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Neighbors Growing Together | Apr 24, 2014

Keeping Watch - A Swan Song

By Steve Wilson | Feb 17, 2012
Courtesy of: Globe Gazette and Editor David Namanny  Gray yearlings yearning for Freedom -That's Romeo on the right - 4/20/2006

Henry County — On Saturday November 15th, 2008 at approximately 7:20 a.m. a young pair of trumpeter swans were cruising their way into the Cedar Bottoms Game Management Area in Muscatine County Iowa on the slow stately sweep of their great white wings. In just a matter of minutes both swans were dead.

Matt and Zach, hunting waterfowl in the Cedar Bottoms west and north of Muscatine watched as the young pair flew into range. Matt shot and missed while the deadly aim of Zachary Boots brought down the female (pen).  

The male (cob), shaken, confused and alone chose the fate of his bond over the freedom of his wings and banked against the beckoning refuge of the sky to circle back across Cedar Bottoms, searching and calling for his fallen mate. Two more hunters, Frye and LaRue, could not pass up their opportunity to add their fire to the morning sky and thus the young cob too was felled to join his mate in the embrace of death.  

A DNR Game Warden made the arrest and sent the remains of the swans to the Lake Darling office to be held in cold storage as evidence.

Following the court action arrangements were made to send the body of the young cob to the Henry County Conservation Board to be preserved, artistically mounted and displayed, as if in flight, in the Oakland Mills Nature Center.  I look forward to observing the mount at the spring opening.

In memory of the tragic story of the death of this young pair I will hence forth refer to them as Romeo and Juliet. Romeo wore the red identification collar of swans released by the Iowa DNR. Romeo broke his way out of the egg at Lincoln Park Zoo in Chicago, Illinois in the spring of 2005. Big dreams were born with this little cygnet. His was not to be a life of confinement in a zoo. He was to fly free and to join with other trumpeter swans who were being raised and released in Iowa and Minnesota to restore their kind. His destiny was to trumpet the message of conservation across the skies of eastern Iowa and for as long as it was given to him, He did his job well.  (to be continued)

Comments (2)
Posted by: Steve Wilson | Feb 18, 2012 07:57

"O Romeo, Romeo, where..."

Romeo was released on April the twentieth two thousand and six at the Brownsville Wildlife Area three miles north of New Haven in Mitchell County Iowa.  Being adorned with a highly visible red plastic neck collar, sporting in white the number - 7K3 - allowed folks from all along the eastern shores of Iowa to share in the excitement of following his travels.  In February 2007 he was sighted south of Burlington Iowa on the back waters of the Mississippi River.  In May of the same year he was seen near Olmstead Minnesota. In February of 2008 he made it a bit further south to Montrose Iowa apparently expanding his range and gaining experience to pass on to the next generation.  Just when and where he met Juliet remains a mystery. We only know he was there for her at the very end in the Cedar Bottoms of Muscatine County on November 15th, 2008.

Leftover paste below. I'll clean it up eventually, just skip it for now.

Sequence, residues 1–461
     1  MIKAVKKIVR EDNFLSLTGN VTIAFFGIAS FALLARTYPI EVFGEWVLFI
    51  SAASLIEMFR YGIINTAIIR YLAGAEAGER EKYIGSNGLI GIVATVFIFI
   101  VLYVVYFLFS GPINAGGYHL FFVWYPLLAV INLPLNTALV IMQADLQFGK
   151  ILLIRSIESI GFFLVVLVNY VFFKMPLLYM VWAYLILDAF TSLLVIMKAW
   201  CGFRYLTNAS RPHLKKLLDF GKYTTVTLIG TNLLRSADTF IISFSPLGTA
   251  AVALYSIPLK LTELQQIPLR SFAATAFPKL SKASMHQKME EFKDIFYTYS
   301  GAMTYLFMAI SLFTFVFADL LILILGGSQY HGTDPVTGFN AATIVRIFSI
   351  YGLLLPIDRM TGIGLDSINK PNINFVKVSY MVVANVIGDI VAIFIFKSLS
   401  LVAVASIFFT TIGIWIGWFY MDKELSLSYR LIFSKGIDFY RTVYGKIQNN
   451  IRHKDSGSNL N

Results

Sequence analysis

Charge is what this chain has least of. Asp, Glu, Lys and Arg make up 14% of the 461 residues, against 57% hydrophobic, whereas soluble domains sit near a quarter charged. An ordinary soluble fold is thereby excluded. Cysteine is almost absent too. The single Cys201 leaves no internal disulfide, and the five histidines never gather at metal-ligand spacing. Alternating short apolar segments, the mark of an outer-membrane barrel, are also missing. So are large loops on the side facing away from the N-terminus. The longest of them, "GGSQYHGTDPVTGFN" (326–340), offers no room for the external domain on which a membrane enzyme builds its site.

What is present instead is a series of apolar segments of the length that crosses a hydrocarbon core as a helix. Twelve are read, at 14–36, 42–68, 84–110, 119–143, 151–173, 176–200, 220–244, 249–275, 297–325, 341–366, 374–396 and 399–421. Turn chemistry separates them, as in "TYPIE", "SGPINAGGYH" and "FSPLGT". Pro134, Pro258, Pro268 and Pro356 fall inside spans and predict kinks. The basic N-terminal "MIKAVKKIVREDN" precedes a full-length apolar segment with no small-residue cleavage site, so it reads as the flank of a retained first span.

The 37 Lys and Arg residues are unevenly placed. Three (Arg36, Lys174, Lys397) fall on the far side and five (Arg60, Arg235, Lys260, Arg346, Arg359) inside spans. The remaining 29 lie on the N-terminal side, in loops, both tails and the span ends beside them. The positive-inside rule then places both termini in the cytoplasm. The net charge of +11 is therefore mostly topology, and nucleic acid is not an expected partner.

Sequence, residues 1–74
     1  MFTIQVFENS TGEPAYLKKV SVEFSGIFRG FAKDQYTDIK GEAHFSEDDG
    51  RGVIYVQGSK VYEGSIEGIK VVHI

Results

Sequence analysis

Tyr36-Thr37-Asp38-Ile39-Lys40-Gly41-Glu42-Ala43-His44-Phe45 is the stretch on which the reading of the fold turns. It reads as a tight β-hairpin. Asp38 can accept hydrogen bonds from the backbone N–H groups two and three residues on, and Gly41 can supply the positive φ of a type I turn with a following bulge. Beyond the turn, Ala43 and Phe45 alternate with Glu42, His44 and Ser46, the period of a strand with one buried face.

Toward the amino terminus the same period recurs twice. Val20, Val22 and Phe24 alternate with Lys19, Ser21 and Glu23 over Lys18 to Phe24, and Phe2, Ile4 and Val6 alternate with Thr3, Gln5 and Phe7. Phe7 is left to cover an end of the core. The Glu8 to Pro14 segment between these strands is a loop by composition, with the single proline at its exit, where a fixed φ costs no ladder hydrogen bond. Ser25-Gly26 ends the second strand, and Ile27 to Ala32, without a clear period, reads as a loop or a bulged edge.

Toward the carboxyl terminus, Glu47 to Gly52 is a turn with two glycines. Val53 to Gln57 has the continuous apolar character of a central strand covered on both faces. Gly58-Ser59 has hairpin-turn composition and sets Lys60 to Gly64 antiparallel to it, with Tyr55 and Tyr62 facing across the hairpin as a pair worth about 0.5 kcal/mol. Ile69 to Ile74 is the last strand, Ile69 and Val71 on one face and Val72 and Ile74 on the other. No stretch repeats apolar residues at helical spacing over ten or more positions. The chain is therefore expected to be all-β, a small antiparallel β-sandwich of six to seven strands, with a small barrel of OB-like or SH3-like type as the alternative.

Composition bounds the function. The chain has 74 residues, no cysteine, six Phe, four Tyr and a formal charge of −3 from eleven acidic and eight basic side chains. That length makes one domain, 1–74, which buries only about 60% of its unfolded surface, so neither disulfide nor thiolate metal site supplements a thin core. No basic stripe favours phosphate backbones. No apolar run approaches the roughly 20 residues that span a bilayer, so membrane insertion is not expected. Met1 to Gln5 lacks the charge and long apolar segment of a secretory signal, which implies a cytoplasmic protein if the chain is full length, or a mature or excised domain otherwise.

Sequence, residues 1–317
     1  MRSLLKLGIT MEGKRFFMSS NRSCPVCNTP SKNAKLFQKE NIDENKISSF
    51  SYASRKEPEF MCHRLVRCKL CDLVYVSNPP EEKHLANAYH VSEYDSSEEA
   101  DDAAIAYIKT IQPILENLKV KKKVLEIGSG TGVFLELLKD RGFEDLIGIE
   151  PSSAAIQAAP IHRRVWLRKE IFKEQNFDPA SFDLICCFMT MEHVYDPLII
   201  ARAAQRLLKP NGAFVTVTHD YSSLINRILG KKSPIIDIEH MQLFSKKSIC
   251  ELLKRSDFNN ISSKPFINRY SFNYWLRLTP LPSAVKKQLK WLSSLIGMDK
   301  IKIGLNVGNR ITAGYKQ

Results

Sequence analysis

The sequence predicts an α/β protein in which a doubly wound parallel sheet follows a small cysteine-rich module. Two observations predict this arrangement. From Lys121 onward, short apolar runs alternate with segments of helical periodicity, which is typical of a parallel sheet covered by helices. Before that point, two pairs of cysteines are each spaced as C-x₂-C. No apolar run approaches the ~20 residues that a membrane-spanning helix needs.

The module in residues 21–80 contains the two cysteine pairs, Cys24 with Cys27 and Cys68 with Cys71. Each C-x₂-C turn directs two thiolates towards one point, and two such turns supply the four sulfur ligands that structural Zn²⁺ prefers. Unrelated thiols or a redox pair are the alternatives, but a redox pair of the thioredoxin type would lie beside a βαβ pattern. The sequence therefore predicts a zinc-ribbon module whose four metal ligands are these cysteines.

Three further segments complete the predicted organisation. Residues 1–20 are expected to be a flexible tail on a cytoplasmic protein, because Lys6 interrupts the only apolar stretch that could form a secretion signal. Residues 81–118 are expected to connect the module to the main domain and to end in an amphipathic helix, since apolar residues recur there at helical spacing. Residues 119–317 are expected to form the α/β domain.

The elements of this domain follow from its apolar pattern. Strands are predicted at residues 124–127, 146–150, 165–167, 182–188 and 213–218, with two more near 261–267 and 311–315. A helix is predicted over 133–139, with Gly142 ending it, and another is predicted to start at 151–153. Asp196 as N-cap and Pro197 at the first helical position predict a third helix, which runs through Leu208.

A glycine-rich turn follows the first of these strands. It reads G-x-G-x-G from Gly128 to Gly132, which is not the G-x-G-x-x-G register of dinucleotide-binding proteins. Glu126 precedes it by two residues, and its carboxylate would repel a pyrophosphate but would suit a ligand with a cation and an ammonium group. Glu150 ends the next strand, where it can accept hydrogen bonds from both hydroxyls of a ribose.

To be continued....



Posted by: Steve Wilson | Feb 20, 2012 08:08

 

The valor of returning under fire to minister with calls of encouragement to the wounded, to share the moment of death with the fallen, is not the exclusive possession of the swans in the world of birds. I have read about such behavior in the Eskimo Curlew and the Carolina Parakeet, both species hunted to extinction by a merciless predator that was more than willing to exploit the opportunity to add the merciful to the bag. 

Considering the behavior of Romeo, small wonder the Trumpeter Swans in the lower 48 states were reduced to a small flock in the remote vicinity of Yellowstone National Park. Their bold voices, their large size their habit of checking back on fallen family members, their flesh and their feathers, and their need for large nesting territories along with the more recent threats of collisions with power lines and poisoning from the ingestion of lead shot and poachers have all conspired against them.

Historically, had it not been for the refuge of remote areas, we surely would have lost the Trumpeters.

I remember my first encounter with a small flock of Snow Geese as a young hunter.  After the first volley of shots there were wounded family members on the water violently flapping their pathetically broken wings and calling out in fear and desperation to their temporarily more fortunate kin who had gained the refuge of the sky. To my surprise at the time, the airborne birds having gained all the freedom and safety  the sky had to offer turned back to answer the calls of the fallen and in so doing were added to my slaughter. I too showed no mercy. It must be a human thing.

However, examples abound of people who have found greater satisfaction in bringing the threatened back from the precipice of extinction rather than driving them over the edge. This too must be a human thing, though too often too little and too late.

 



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